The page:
Saturday, October 26, 2013

Weekend inflation news round-up:

  • “There’s a lot of risk that the Fed could overshoot and cause a pick-up in inflation at some point, and the market’s not priced for that risk." Um..... "a lot of risk," is like LOLZ OMG "DUH" in teenager-speak...
  • Australia inflation surprise, China rates highlight Asia price pressures.
  • Japan CPI Data a Real Inflation Signal, or Just Noise?
  • US health care costs are tumbling (down). This was expected by anyone paying attention, of course: "If Obamacare succeeds in lowering healthcare costs further then it will have important implications not only for fiscal policy, but the disinflationary impulse will also continue to provide a favorable backdrop for the Fed to maintain its ├╝ber-accommodative policy stance for longer."

Monday, September 17, 2012

Inflation news round-up

News round-up now that QE Infinity is baked in:

"The difference between yields on 10-year notes and same- maturity Treasury Inflation Protected Securities, an indicator of trader expectations for consumer prices over the life of the debt, widened to as much as 2.54 percentage points. It was the most in 16 months and compares with the average of 2.16 percentage points over the past decade. The Fed said yesterday it will purchase $40 billion of mortgage debt a month."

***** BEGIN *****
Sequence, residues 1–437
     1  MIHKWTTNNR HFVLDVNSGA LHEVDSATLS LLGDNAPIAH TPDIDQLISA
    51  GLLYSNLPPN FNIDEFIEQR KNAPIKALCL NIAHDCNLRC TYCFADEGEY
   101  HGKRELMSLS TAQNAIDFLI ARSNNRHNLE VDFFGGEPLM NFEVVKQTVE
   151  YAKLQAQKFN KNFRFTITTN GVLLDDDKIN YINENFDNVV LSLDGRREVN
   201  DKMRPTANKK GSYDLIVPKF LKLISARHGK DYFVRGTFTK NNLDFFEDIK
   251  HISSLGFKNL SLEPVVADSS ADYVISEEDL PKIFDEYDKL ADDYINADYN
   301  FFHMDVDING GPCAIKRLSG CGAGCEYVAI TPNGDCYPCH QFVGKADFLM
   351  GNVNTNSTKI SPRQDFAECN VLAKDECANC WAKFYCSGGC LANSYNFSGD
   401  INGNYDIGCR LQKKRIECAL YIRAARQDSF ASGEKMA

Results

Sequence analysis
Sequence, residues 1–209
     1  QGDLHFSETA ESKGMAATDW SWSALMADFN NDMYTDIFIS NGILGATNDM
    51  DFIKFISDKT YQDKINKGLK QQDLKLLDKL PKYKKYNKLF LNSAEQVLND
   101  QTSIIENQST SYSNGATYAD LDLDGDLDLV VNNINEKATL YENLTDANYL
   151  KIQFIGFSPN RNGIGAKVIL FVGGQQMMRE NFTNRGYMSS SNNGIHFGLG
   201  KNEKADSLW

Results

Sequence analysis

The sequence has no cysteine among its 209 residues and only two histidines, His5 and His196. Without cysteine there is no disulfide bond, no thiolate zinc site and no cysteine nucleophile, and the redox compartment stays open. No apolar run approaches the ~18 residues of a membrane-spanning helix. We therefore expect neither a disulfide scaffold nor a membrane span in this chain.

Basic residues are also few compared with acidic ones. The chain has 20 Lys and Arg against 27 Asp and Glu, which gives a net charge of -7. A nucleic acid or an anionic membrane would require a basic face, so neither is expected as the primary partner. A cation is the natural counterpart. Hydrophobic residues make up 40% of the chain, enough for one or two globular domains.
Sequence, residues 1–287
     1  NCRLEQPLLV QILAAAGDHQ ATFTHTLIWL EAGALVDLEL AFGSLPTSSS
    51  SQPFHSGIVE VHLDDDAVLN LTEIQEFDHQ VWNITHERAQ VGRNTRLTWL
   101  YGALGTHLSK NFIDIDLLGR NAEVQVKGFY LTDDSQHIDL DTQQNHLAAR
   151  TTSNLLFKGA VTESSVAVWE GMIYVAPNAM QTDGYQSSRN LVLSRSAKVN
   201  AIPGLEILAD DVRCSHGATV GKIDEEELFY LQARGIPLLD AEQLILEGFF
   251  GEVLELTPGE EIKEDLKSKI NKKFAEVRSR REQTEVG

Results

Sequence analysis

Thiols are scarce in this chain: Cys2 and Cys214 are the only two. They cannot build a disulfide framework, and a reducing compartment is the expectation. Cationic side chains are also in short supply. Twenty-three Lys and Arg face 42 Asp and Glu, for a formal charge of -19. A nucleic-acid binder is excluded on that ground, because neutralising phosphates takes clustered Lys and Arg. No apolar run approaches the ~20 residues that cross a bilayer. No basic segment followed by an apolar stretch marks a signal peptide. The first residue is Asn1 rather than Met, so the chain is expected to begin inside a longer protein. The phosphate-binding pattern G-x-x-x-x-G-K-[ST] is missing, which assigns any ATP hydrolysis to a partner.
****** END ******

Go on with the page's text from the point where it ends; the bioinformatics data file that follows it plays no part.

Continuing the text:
$40B per month is $130 per capita ($1,550 per year). That's the average buying power the dollar will lose if Ben's action goes as planned. The median would be much lower though because happily the QE events favor the top 5%. Doesn't that make you feel better?

What QE Inifinity may mean for commodities and agriculturals:

"The US open ended QE policy is exporting inflation, and therefore misery to many impoverished parts of the world. Will the continued instability in the area rapidly lead to even larger major military conflicts which we can already ill afford, not to mention the ominous oil price spike that would ensue?"

Hilarious, the US #1 export is now inflation...  Bring on the global misery! Maybe more Middle East unrest even (and how much longer will they blame this on a movie?)

Are we already seeing inflation warning signs, before QE infinity has even begun?